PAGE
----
Tech Note: Cloudbusting

My blog runs on a piece of software called WordPress. I love WordPress; it’s well designed, easy to use, easy to maintain. It’s good for serving blogs but it’s also great for creating small simple web sites. I’ve recommended it to a lot of organizations for their web sites, and I’ve helped several of them set those sites up.

That said, WordPress has a reputation for falling over under heavy load. It creates each page on demand, which is very taxing compared to just having the pages sitting there ready to go. This hasn’t been a problem for me given that my site’s not very active but I’m about to do something which (if it’s successful) will bring in a lot of traffic for a short period of time, and I don’t want the site to fall over during that time. I don’t want it to neilwebfail.

There are a number of ways to try to fix this problem. I’m currently trying out a caching plugin for WordPress called W3 Total Cache. W3 Total Cache uses a variety of methods to improve the performance of a WordPress web site, from Javascript and CSS combining and minifcation to database and page caching to using a CDN (Content Distribution Network).

The CDN is the most interesting part to me. With a CDN, you put files on servers (the currently hot “cloud”, though people have been doing this since before the cloud label existed) designed to get them to browsers as fast as possible. The servers may replicate the files so that they are as close (in a network topological sense, not a physical sense) as possible to the browsers that are trying to reach them.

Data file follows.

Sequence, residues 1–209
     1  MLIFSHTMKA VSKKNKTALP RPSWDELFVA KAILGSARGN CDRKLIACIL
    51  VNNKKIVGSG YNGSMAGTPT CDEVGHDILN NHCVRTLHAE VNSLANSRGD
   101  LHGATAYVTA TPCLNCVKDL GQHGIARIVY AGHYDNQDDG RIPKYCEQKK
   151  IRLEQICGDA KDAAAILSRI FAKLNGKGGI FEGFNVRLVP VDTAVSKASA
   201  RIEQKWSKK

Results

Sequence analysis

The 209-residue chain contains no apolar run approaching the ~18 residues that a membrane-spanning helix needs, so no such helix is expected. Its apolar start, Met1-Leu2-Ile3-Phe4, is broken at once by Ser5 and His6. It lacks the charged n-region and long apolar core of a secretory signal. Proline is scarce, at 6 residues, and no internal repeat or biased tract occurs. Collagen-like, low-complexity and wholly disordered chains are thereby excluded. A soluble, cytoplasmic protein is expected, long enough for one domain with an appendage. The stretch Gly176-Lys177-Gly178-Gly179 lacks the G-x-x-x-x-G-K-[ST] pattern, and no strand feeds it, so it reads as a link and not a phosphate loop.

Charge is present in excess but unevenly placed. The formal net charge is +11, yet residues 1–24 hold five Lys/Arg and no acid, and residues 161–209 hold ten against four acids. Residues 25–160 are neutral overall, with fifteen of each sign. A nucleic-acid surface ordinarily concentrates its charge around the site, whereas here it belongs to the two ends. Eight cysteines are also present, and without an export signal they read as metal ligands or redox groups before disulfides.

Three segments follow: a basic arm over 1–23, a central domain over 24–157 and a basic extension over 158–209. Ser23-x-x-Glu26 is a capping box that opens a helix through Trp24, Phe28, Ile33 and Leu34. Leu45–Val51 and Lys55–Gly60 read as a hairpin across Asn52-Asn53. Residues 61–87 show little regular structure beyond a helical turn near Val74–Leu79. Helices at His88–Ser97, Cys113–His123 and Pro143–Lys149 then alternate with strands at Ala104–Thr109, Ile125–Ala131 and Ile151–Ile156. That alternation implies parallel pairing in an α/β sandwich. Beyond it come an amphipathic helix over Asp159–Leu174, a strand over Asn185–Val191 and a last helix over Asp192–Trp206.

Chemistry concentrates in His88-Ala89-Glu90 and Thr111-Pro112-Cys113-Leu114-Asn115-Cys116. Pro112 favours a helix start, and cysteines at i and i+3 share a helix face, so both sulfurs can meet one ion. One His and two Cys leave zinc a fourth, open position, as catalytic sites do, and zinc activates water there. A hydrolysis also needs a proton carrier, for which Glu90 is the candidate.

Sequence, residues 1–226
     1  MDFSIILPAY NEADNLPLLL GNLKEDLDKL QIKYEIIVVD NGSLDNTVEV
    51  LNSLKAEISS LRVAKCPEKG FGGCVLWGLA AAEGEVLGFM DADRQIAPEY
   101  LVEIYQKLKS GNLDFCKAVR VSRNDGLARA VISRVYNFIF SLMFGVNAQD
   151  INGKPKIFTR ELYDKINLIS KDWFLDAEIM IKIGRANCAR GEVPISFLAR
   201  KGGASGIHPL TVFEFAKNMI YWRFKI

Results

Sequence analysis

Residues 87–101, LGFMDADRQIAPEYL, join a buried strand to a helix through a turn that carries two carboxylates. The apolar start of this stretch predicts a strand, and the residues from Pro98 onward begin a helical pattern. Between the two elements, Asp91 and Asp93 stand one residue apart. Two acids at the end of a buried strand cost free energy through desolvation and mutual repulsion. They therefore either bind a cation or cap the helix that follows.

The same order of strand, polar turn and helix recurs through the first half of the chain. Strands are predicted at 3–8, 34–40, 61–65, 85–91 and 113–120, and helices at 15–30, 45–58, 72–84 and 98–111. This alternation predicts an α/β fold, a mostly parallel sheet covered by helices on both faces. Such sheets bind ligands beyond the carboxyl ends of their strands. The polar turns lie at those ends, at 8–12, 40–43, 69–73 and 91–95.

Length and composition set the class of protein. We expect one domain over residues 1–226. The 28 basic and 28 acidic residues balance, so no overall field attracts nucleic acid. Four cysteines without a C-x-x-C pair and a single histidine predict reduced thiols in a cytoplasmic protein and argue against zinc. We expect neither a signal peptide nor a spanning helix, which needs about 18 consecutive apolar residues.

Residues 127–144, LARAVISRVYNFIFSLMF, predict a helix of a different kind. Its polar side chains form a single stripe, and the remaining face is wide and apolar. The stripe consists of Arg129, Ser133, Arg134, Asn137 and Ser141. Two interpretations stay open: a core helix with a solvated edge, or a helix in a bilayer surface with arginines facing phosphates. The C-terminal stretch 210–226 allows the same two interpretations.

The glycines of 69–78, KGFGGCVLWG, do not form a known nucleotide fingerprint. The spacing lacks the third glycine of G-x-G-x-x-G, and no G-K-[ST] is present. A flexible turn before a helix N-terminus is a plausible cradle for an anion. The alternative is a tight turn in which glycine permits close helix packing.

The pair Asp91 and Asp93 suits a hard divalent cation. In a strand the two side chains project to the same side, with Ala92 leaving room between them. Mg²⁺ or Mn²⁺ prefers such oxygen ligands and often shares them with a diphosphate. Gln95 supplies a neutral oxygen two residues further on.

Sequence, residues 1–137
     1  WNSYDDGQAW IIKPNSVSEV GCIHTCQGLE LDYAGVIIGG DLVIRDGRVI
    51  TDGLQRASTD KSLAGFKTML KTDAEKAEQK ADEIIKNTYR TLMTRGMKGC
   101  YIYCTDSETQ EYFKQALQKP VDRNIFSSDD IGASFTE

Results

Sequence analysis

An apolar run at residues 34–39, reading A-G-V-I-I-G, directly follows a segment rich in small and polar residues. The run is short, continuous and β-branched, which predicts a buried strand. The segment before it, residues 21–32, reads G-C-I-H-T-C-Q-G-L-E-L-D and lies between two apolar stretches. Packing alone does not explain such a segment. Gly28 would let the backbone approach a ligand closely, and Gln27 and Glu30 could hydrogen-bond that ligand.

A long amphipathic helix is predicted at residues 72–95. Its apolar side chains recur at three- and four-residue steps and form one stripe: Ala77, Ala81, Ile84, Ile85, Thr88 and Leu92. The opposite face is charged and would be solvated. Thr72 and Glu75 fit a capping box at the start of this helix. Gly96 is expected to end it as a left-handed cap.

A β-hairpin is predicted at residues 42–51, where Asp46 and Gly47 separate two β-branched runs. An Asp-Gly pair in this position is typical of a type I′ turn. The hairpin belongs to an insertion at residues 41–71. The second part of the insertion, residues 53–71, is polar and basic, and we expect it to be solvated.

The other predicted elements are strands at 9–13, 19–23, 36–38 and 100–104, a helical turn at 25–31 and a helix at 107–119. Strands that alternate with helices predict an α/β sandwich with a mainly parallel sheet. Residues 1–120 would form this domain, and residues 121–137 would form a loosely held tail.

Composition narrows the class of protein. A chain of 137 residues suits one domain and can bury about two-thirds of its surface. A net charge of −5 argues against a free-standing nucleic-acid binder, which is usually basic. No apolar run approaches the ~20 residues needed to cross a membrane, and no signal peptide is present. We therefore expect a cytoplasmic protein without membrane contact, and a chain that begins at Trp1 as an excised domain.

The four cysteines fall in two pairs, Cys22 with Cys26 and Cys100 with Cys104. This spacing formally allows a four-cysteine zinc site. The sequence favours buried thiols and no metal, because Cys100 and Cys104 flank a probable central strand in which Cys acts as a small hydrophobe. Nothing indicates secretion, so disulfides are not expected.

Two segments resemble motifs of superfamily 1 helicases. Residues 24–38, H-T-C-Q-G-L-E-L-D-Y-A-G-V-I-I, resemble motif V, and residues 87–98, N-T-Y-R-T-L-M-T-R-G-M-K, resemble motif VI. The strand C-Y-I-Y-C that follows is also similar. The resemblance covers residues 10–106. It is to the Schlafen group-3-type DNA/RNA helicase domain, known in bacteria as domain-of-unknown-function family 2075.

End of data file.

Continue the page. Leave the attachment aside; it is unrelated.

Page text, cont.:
I’ve been interested in using a CDN for some time but none of the projects I’ve been working on have needed one. They’ve all been low load, local sites. But a CDN may help my blog survive a #neilwebfail, so this is a great change to try it out.

I’ve been using Amazon’s S3 storage for some time for other projects. They also offer a service called Cloudfront which turns S3 into a CDN. W3 Total Cache knows how to work with Cloudfront, so this is what I’m turning on as of now. It looks like W3 Total Cache only uses Cloudfront to store media, CSS and Javascript files, not the actual web pages itself, which it will still aggressively cache on the server. That still helps off-load traffic from the server and helps deliver those files to browsers much quicker.

When this experiment is done I’ll report back on how it went (assuming I get to really test it the way I’m hoping to). A great thing about Amazon is that they only charge for actual use, so if I don’t see a burst of traffic I won’t be paying for service I’m not using. I’m very curious to see how much it will actually cost to survive a burst.

Two tools for helping with setup:

1. Panic’s Transmit (web site, with a free trial; Mac App Store) application for MacOS X. Besides being a very handy (S)FTP application, Transmit can talk to Amazon S3, so you can inspect and manually update what’s being stored there if you need to. If you’re not willing to pony up for Transmit (and in my opinion, it’s well worth the cost), you try Cyberduck, which is donation-ware (and also available through the Mac App Store).

2. Firefox’s Firebug and Chrome’s debug console. Use Google PageSpeed with them to see how your site is measures up.